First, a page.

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Technical books are amazing opportunities

Nina and I have been sending out drafts of our book Practical Data Science with R 2nd Edition for technical review. A few of the reviews came back from reviewers that described themselves with variations of:

Senior Business Analyst for COMPANYNAME. I have been involved in presenting graphs of data for many years.

To us this reads as somebody with deep experience, confidence, and bit of humility. They do something technical and valuable, but because they understand it they do not consider it to be arcane magic.

In this note we describe might can happen if such a person (or if a junior version of such a person) acquires 1 or 2 technical books.

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Using Excel versus using R

Here is a video I made showing how R should not be considered “scarier” than Excel to analysts. One of the takeaway points: it is easier to email R procedures than Excel procedures.

Win-Vector’s John Mount shows a simple analysis both in Excel and in R.

A save of the “email” linking to all code and data is here.

The theory is the recipient of the email already had R, RStudio and the required packages installed from previous use. The package install step is only needed once and is:


Then all the steps are (in a more cut/paste friendly format):

cars <- read.table('',header=TRUE,sep=',')
model <- rpart(rating ~ buying + maint + doors + persons + lug_boot + safety, data=cars, control=rpart.control(maxdepth=6))

Note, you would only have to install the packages once- not every time you run an analysis (which is why that command was left out).

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Data science project planning

Given the range of wants, diverse data sources, required innovation and methods it often feels like data science projects are immune to planning, scoping and tracking. Without a system to break a data science project into smaller observable components you greatly increase your risk of failure. As a followup to the statistical ideas we shared in setting expectations in data science projects we share a few project planning ideas from software engineering. Continue reading Data science project planning

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Setting expectations in data science projects

How is it even possible to set expectations and launch data science projects?

Data science projects vary from “executive dashboards” through “automate what my analysts are already doing well” to “here is some data, we would like some magic.” That is you may be called to produce visualizations, analytics, data mining, statistics, machine learning, method research or method invention. Given the wide range of wants, diverse data sources, required levels of innovation and methods it often feels like you can not even set goals for data science projects.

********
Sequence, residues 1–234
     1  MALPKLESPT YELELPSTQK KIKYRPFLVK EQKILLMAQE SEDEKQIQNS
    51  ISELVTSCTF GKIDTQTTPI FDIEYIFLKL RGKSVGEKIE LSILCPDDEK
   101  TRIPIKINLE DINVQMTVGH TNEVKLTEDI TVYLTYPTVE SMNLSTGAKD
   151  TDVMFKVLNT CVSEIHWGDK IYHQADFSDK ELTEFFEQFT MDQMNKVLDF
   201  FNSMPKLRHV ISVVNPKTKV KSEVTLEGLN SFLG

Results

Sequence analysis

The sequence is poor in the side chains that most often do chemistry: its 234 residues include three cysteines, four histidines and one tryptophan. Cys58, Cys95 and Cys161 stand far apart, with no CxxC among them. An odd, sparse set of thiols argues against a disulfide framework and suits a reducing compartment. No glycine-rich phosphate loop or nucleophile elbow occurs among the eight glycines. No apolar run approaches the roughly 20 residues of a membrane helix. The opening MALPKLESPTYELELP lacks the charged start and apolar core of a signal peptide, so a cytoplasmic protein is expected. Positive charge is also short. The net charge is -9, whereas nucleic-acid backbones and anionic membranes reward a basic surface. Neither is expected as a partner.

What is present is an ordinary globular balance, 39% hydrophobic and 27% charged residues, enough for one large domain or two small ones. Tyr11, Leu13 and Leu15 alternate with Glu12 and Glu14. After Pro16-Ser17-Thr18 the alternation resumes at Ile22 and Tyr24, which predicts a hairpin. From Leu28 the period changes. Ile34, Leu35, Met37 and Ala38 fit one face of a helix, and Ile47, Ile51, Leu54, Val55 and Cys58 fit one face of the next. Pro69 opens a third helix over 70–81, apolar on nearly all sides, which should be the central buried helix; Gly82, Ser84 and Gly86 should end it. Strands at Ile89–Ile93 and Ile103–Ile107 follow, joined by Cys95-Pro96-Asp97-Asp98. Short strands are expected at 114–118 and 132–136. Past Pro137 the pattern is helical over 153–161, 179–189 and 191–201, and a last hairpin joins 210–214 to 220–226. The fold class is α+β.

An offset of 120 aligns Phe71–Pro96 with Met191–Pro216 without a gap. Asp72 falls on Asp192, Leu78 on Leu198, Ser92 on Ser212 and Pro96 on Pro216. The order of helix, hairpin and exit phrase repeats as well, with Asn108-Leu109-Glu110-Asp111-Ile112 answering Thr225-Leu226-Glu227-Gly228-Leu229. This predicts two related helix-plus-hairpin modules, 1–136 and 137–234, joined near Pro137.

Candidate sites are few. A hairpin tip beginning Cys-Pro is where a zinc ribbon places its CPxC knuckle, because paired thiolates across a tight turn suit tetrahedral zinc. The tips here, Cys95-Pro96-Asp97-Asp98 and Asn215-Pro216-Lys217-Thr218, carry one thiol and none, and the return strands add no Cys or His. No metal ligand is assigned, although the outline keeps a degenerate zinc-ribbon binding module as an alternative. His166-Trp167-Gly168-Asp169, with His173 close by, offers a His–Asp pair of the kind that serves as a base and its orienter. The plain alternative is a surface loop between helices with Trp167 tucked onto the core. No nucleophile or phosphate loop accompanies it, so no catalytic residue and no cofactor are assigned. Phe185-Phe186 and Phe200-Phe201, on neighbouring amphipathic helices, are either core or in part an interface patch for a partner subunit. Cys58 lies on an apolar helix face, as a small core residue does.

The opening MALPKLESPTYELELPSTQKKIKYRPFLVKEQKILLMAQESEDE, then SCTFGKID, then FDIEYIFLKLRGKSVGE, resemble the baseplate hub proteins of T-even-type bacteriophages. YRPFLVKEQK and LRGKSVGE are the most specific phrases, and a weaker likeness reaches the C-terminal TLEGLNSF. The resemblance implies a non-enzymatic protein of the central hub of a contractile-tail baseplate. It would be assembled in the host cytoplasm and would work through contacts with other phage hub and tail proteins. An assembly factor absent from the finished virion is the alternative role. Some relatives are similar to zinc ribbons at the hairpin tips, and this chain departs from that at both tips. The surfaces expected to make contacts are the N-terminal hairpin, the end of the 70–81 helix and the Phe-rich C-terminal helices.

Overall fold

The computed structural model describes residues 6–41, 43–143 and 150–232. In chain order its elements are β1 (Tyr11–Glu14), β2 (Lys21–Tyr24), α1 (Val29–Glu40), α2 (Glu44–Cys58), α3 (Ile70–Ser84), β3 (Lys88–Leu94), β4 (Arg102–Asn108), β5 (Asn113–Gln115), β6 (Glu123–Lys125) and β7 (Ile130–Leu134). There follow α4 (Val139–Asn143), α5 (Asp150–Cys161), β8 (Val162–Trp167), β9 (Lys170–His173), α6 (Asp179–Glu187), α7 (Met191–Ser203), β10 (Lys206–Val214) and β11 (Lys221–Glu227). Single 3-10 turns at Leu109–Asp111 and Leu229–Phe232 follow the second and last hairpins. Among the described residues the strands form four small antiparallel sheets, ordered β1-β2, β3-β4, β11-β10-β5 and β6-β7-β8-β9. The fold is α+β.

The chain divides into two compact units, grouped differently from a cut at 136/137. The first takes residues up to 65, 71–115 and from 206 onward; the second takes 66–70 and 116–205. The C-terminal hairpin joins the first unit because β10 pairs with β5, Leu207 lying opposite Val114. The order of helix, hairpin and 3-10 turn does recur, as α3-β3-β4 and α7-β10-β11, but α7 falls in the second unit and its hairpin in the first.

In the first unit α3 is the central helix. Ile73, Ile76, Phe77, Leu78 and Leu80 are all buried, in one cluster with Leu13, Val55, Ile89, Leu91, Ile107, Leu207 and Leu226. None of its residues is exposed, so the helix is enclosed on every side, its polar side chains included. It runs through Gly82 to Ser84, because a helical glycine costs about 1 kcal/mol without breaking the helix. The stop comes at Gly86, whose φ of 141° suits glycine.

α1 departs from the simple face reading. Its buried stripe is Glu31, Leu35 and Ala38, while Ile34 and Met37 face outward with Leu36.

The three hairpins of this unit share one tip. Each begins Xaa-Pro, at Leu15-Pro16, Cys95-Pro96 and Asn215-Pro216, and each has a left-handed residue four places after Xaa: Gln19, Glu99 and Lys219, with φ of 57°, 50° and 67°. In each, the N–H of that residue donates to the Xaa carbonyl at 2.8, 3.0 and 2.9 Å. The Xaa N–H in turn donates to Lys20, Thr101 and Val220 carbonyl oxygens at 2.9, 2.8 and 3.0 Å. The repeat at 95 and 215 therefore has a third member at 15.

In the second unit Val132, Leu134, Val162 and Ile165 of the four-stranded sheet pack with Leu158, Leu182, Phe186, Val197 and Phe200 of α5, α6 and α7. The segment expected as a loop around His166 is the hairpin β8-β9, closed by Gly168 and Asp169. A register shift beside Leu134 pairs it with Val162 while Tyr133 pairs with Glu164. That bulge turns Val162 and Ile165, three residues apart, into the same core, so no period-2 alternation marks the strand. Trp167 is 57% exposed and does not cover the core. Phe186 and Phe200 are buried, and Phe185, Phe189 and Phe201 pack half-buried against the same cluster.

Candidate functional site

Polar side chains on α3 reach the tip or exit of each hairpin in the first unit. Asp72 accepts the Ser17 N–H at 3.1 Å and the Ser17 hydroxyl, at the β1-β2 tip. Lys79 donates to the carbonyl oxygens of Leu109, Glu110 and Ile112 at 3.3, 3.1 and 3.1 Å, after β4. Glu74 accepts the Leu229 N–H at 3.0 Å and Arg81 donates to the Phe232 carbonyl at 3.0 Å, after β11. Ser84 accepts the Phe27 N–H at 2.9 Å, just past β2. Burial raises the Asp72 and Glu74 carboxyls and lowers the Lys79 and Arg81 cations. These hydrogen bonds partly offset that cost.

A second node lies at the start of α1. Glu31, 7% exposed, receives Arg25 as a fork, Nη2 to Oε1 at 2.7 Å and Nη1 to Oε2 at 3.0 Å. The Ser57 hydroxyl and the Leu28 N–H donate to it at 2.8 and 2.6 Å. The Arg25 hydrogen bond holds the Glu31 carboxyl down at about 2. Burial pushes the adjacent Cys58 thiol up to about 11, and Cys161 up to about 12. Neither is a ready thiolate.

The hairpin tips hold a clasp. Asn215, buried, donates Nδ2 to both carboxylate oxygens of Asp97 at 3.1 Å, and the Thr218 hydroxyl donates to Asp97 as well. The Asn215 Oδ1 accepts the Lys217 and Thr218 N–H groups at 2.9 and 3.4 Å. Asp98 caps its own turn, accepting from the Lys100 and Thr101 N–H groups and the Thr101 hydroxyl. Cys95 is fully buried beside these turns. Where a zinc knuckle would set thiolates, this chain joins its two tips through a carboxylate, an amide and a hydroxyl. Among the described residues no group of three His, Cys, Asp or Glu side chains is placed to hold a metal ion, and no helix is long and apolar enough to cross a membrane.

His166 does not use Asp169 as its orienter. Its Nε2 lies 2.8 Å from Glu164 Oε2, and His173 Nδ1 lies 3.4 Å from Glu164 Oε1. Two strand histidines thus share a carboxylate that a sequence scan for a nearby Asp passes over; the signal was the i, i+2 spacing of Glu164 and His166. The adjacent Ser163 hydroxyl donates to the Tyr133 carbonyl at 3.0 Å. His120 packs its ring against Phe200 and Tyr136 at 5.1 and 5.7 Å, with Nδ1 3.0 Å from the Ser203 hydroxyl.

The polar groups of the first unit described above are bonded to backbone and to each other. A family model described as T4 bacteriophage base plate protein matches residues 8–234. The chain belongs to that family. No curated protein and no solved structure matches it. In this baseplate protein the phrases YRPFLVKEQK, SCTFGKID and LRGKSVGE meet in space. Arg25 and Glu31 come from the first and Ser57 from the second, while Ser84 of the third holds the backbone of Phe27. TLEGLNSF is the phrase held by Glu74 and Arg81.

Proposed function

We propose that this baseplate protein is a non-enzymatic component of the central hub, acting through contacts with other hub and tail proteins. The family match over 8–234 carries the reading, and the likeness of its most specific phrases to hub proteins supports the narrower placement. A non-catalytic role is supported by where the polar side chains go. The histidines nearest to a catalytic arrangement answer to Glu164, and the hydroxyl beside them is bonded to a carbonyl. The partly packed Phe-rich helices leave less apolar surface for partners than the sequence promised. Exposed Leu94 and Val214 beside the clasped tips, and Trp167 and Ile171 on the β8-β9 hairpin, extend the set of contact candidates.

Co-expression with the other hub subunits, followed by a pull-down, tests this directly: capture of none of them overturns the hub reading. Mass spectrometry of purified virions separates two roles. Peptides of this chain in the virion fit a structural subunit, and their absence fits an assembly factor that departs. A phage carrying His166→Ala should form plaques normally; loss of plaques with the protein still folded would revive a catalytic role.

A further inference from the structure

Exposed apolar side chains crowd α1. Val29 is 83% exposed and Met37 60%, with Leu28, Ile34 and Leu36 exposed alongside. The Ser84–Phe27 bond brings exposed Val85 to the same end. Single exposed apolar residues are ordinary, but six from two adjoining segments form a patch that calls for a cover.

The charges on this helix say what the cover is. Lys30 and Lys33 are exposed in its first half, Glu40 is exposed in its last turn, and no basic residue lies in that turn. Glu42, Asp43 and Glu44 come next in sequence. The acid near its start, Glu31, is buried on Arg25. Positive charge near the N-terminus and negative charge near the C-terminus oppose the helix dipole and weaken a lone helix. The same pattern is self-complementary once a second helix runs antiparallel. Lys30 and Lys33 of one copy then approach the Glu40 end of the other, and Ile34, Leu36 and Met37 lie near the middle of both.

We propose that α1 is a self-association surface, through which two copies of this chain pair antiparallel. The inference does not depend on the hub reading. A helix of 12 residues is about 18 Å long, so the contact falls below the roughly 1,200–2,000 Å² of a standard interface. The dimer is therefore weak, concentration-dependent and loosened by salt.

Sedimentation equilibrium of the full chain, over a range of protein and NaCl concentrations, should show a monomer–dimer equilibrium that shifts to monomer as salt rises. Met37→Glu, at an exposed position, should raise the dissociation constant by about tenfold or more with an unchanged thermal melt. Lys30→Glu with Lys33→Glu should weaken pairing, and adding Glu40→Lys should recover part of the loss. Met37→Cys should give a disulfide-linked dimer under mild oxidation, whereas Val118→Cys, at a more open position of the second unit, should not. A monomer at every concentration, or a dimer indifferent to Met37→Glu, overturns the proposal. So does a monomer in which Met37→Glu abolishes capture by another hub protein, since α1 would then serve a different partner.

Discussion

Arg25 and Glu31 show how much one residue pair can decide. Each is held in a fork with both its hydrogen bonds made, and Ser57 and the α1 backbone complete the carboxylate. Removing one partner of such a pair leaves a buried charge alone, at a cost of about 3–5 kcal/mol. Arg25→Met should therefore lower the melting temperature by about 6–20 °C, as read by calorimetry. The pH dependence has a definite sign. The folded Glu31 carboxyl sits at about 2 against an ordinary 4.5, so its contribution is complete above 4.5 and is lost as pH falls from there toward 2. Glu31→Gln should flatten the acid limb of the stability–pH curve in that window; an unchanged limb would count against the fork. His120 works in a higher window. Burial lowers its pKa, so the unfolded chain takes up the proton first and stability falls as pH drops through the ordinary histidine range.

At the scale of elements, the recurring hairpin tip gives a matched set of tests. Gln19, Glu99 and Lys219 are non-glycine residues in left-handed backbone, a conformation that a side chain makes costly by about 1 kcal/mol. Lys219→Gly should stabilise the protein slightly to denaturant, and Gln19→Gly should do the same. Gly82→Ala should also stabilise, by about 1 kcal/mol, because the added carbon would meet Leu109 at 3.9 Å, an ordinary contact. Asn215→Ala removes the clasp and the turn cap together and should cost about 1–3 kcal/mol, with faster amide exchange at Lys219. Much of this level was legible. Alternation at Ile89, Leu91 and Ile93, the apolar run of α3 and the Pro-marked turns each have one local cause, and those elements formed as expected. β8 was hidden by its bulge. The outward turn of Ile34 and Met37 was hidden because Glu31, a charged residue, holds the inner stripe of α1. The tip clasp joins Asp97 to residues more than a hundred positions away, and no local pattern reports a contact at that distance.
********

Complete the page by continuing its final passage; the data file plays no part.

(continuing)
Many of these projects either fail or become open ended (become unmanageable).

As an alternative we describe some of our methods for setting quantifiable goals and front-loading risk in data science projects. Continue reading Setting expectations in data science projects

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Programmers Should Know R

Programmers should definitely know how to use R. I don’t mean they should switch from their current language to R, but they should think of R as a handy tool during development. Continue reading Programmers Should Know R

Posted on Categories Pragmatic Machine Learning, Programming, TutorialsTags , , , , , 2 Comments on SQL Screwdriver

SQL Screwdriver

We discuss a “medium scale data” technique that we call “SQL Screwdriver.”

Previously we discussed some of the issues of large scale data analytics. A lot of the work done at the MapReduce scale is necessarily limited to mere aggregation and report generation. But what of medium scale? That is data too large to perform all steps in your favorite tool (R, Excel or something else) but small enough that you are expected to produce sophisticated models, decisions and analysis. At this scale, if properly prepared, you don’t need large scale tools and their limitations. With extra preparation you can continue to use your preferred tools. We call this the realm of medium scale data and discuss a preparation tool style we call “screwdriver” (as opposed to larger hammers).

We stand the “no SQL” movement on its head and discuss the beneficial use of SQL without a server (as opposed to their vision of a key-value store without SQL). Database servers can be a nuisance- but that is not enough reason to give up the power of relational query languages.
Continue reading SQL Screwdriver